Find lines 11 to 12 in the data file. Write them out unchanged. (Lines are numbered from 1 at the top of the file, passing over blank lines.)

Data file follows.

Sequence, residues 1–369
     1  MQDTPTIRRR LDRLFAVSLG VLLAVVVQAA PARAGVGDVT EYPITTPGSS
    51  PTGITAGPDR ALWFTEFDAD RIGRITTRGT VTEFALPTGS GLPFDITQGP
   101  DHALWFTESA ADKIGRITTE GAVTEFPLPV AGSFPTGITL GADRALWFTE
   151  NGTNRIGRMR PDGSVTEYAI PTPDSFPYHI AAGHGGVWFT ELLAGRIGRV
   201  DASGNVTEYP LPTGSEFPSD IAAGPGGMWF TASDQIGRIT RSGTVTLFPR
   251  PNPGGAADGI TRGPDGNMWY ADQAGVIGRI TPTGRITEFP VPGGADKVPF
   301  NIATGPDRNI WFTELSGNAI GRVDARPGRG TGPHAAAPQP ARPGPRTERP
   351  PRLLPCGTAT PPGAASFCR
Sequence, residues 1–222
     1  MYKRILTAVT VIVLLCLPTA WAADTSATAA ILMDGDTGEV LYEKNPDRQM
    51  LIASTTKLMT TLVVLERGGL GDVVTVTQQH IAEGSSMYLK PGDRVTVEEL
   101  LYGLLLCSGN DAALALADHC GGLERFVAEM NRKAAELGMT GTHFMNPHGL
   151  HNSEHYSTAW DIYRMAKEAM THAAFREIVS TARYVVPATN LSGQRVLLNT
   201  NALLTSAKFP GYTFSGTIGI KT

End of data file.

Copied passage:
     1  MYKRILTAVT VIVLLCLPTA WAADTSATAA ILMDGDTGEV LYEKNPDRQM
    51  LIASTTKLMT TLVVLERGGL GDVVTVTQQH IAEGSSMYLK PGDRVTVEEL